On feminist parenting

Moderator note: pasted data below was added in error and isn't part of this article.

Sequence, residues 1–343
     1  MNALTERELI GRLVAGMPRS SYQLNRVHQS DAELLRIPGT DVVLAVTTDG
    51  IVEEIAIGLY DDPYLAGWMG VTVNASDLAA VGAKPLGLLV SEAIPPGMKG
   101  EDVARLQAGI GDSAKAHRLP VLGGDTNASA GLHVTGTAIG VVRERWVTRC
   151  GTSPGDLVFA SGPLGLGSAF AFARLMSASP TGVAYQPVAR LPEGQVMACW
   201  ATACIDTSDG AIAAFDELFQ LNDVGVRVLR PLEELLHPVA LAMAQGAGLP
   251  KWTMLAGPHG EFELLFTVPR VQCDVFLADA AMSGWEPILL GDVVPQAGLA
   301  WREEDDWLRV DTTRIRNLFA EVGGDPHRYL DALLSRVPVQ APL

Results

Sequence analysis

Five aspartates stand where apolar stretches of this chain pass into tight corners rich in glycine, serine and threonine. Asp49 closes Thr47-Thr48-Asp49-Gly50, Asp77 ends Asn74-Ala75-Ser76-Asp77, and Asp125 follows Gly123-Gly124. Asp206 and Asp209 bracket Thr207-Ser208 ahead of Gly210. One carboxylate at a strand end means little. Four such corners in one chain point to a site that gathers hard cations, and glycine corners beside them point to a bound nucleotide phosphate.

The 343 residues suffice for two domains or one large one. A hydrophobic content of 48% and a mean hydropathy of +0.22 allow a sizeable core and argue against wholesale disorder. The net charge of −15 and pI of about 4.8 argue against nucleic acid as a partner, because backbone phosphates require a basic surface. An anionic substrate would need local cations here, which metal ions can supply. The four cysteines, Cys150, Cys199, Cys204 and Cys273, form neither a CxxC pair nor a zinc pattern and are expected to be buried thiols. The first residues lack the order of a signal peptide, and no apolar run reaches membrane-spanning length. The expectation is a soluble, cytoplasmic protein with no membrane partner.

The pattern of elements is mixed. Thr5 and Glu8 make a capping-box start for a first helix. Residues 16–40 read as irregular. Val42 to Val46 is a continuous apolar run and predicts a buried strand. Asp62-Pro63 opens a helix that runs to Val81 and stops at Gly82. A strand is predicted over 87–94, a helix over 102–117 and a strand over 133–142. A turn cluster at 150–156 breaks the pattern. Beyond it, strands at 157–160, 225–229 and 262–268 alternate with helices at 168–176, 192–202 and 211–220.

I recently read an article about what feminist mothers do differently (I want to read the article about feminist fathers too by the way) and it got me thinking about how hard feminist parenting is. Basically there’s a lot of panicking involved (as with all parenting, or maybe that’s just me) and so I just kind of panic all the time. After all, the thought that you’re laying the ground for your child self-perception and self confidence is a pretty panicking one. One day a relative remarked that I rarely told my child she was beautiful and emphasized other qualities. I do tell her she’s beautiful, but when I do it’s also true that I automatically add: and clever and kind and resourceful, and a badass, because she’s all these things too and i dread that she will only define her worth by her appearance as society tells women to. I try and dress her in all kinds of outfits, not because there is something essentially and inherently wrong with pink or dresses, but because I would like to chip away at the sexist stereotype that girls have to wear pink and dresses in order to be allowed to be identified as girls and boys can only wear trousers and that the world will stop if a boy wants to wear a skirt. It’s also way more practical to create mayhem and explore the world while wearing pants, and I just want her to be comfortable to do so.